The GG had the authority not to de-solve Parliament and to call upon the other parties in Parliament to form Government, if the Governing party couldn't govern. Now an election must be called.

I would have much rather seen a reform that said an election would be held no later than five years from the date of the last election date. A form of fixed election when the current governing party wants to hang onto power.

Our Parliamentary system is base on a proven 900 year experiment (started in Westminster.) We don't need a bunch of yahoos mucking about the system so we all know the third Monday in October some year might be an election day.

OK tell me exact date of the next election with the current Parliament!

What real value is this fixed date? The real harm is it may start us down the road to elect the King or Queen like they do in the great republics.
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Old May 6th, 2007, 04:00 PM   #5
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Originally Posted by BigDL View Post
I would have much rather seen a reform that said an election would be held no later than five years from the date of the last election date.
....
The real harm is it may start us down the road to elect the King or Queen like they do in the great republics.
We already have that, I believe.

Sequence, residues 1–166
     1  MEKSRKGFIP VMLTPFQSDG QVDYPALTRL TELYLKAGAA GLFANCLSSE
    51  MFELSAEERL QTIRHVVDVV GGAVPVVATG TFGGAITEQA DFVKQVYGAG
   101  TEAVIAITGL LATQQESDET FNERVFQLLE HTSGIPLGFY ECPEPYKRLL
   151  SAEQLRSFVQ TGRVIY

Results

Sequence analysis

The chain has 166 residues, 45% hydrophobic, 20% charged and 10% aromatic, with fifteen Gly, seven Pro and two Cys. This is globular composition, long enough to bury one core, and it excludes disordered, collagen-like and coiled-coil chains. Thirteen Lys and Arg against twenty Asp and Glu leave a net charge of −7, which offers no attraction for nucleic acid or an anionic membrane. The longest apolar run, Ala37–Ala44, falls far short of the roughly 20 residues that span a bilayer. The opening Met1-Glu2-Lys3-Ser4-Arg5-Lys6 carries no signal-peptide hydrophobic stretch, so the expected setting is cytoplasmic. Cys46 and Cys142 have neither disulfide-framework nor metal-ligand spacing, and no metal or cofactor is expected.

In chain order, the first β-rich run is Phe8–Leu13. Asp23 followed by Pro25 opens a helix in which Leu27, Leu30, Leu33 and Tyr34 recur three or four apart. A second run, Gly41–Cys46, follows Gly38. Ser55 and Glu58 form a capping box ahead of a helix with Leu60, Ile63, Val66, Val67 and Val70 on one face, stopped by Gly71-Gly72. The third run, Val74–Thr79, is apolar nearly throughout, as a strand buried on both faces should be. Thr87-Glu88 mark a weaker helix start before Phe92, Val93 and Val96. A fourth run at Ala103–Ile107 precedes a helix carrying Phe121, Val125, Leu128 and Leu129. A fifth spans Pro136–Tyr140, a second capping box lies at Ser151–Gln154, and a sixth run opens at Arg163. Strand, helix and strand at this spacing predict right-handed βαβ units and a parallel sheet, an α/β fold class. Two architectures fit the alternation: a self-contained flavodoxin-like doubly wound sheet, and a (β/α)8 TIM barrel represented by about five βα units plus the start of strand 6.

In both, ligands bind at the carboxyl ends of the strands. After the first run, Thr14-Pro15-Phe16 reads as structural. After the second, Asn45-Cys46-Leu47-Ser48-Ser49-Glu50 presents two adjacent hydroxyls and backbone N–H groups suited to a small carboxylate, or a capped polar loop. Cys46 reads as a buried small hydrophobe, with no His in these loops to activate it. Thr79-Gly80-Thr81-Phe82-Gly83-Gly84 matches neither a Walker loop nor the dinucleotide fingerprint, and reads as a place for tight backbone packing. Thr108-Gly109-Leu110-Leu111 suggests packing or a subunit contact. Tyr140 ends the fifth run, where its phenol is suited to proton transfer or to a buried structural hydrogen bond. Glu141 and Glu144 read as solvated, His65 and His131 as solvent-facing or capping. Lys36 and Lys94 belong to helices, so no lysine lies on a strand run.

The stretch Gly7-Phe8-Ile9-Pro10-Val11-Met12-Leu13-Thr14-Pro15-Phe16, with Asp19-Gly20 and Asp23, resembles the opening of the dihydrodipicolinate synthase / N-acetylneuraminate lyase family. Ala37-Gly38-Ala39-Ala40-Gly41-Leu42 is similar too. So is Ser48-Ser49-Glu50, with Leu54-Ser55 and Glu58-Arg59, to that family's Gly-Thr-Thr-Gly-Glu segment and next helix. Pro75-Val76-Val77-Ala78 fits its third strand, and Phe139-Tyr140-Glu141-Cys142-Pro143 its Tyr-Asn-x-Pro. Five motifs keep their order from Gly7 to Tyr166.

....
Unrelated to fixed dates. I'm not sold on them, but this is not one of their drawbacks.
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Old May 6th, 2007, 04:20 PM   #6
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I would have much rather seen a reform that said an election would be held no later than five years from the date of the last election date.
That is pretty close to what we have in the Charter:

Quote:
4. (1) No House of Commons and no legislative assembly shall continue for longer than five years from the date fixed for the return of the writs of a general election of its members.
I think this is more of a reaction to what Chretien did during his majority governments (calling early elections when situations favourved him and to keep Martinites at bay) than anything.

Still, if a scandal or other unexpected incident occurs shortly before an election must be called, the PM can't dodge it and wait for more favourable times (although, if his constitutional 5 years is coming to and end he would be in trouble in the old system as well).
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Old May 6th, 2007, 04:33 PM   #7
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I think the effect of fixed election dates is minor, there may be some pluses and minuses, but it does nothing to advance the cause of Canadian democracy. In this sense it is a smokescreen by a government that needs to appear as if they actually care about democracy. If Harper's party, or any other party, truly had some real concern about democracy rather than simply the grasping of virtually unrestrained majority seat power, they would not contemplate attempting to form a "majority" government with less than 40% of the population voting for their platform.

Of course we all know that if Harper managed to get his mitts on any kind of a squeaker false "majority" of that nature he would govern as if he had a landslide mandate. Opposition input would be completely ignored, although the parliamentary charade would continue on for the required 4 years period. If we want a true democratic reform, then proportional representation is the real option.